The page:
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Brains... Brains!!
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Just wondering if the current drawn for heated vests will cause battery damage and/or rectifier/stater damage. Broke down a couple of times due to electical problems and i'm generally weary about plugging it back in. I love my heated vest (best $100 i ever spent, as they say) but don't want to dish out $200 for another new battery (which i have already done) or other parts or worse, get stuck on the side of the road again.
 

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1/ depends on the vest
2/ depends on the switch (on all the time, rheostat, widder controller?)

Depends more on the output of the motorcycle's alternator, and your driving habits.
Usually only 50 watts or so for an averge vest, or about that of a headlight. However, lots of headlights and a puny alternator output, combined with trolling around town at under "maximum alternator output rpm," could drain the battery.
I've been using heated grips, heated jacket liners (Gerbing) and electric vests for 16 years in a row, without any issues.
 

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Hi Hobbes,

To do it right you first need to find the total VA output of the alternator. Then figure out the total draw of the bike with no accessories. The VA left over is what you might use for accessories. I for one would not use all the remaining rated VA.

Do you have all the specs?
 

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Brains... Brains!!
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Discussion Starter #4
Chumly said:
To do it right you first need to find the total VA output of the alternator. Then figure out the total draw of the bike with no accessories. The VA left over is what you might use for accessories. I for one would not use all the remaining rated VA.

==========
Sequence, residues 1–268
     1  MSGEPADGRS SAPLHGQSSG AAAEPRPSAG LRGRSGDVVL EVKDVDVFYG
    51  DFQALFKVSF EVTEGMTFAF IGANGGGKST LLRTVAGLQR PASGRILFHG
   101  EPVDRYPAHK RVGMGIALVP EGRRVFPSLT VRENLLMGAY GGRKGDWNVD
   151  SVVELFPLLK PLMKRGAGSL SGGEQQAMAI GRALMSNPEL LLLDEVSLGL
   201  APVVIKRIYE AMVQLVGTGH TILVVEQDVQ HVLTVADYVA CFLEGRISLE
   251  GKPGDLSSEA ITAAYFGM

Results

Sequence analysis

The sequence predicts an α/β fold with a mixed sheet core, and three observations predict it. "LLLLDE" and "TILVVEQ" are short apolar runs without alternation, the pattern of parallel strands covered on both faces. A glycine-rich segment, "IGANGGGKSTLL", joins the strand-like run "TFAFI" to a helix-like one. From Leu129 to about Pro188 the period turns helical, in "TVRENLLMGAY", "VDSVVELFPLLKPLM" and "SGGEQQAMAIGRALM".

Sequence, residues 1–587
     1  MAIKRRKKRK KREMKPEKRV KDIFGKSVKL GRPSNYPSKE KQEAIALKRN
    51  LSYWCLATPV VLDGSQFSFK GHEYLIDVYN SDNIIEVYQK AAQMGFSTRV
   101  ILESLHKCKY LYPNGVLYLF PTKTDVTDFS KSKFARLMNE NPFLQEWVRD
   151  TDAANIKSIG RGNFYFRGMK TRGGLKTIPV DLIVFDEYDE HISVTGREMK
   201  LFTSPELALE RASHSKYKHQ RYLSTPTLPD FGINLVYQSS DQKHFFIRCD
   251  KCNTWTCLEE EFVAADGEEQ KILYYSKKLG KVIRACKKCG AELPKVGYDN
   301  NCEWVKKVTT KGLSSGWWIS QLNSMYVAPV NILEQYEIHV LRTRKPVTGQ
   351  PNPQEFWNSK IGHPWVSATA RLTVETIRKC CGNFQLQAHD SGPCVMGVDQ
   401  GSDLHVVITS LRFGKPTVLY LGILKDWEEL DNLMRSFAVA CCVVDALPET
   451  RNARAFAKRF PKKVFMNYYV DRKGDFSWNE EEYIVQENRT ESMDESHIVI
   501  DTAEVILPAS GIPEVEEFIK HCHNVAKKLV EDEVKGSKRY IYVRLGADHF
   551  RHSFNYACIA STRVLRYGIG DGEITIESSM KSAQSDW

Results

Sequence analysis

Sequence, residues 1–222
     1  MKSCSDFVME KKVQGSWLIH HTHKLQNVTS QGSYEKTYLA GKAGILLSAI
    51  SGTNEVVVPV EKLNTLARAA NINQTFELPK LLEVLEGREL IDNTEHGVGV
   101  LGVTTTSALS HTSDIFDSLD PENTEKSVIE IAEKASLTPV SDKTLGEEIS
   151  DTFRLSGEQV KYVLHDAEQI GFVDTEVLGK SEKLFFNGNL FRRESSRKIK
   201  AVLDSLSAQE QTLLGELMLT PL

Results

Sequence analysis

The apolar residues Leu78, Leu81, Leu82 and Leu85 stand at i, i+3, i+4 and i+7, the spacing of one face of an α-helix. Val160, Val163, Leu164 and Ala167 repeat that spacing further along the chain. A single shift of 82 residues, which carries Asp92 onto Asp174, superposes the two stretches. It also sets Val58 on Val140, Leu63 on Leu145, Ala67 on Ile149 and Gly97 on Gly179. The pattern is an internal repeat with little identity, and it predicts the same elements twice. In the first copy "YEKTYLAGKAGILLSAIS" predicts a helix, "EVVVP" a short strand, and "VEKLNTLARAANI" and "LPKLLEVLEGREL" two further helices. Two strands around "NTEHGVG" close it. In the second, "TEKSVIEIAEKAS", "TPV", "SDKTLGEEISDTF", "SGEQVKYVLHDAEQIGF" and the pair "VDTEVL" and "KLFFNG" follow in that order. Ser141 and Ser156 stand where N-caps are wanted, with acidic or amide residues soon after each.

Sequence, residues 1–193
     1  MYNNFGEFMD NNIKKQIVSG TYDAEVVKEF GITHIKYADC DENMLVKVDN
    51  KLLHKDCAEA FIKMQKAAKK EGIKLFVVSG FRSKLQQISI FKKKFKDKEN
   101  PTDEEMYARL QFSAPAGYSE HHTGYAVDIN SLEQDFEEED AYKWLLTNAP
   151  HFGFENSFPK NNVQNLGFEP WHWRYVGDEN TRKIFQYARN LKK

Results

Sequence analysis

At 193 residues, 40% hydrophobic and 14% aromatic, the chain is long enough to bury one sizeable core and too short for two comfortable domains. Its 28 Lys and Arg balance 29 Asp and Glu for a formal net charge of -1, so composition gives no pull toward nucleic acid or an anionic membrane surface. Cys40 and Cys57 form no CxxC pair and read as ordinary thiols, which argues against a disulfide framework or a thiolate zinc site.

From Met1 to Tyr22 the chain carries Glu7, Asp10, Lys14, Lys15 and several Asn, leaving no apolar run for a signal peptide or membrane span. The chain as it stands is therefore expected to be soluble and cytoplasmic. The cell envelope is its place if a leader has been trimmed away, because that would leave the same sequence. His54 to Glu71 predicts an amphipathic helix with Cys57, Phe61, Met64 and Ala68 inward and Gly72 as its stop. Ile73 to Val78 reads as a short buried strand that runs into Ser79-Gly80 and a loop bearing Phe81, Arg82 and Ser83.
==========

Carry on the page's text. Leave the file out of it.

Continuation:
Do you have all the specs?
So what you're saying is that the heated vests they sell at the shops aren't all compatible with most 'normal' sportbikes with 12V batteries? I figured it was plug n play, sorta speak.
 

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if you need a new battery, go to any one of the wholesalers around Boundary and 1st. You can also go to Bill @ 5th gear where he sold me a battery for around the same price as the wholesalers
 
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some times it is cheaper to put a smaller alternator in abike. sometimes a company will spec an overkill alternator. Touring bikes take things like accessories into account when they are speced alternatores. Sport bikes are more about minamalist, weight saving SPEED! So no not all sport bikes will be plug and play, could be more like plug and pray. :) You'll have to check the output of your charging system, subtract maximum bike draw, and what ever is left over can be used for accessories, but remember to leave lots of fudge room as charging systems can loose efficency with time. And yes a constant drain on the battery can kill it, so a heated jacket that turns on and off will be less likely to kill parts. I don't think your likely to hurt much more then the battery, but if you draw too much juice for too long.... well stranger things have happened.
 

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:cool A message from the Electrically Challenged People of Canada [ECPC]:

I love my vest & heated grips but after impairing a battery (ie: running it down with everything ON.. at idle :rolleyes) I now 'conserve' my voltage until I'm readin' higher RPMs and have been on the road at least 15 minutes. Similarly, everything gets shut off when I return to the city unless it's damn cold. Works for me ;)

Good Luck! :cheers
 

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Hobbes said:
So what you're saying is that the heated vests they sell at the shops aren't all compatible with most 'normal' sportbikes with 12V batteries? I figured it was plug n play, sorta speak.
Some bikes have robust electrical systems that can easily accommodate a vest and more, but some bike's systems are barely adequate for even the stock electrical loads. You really gotta check out the specs to be sure.

MxerMerin's post is right, and SkipTkt's method makes sense if there are any doubts at all.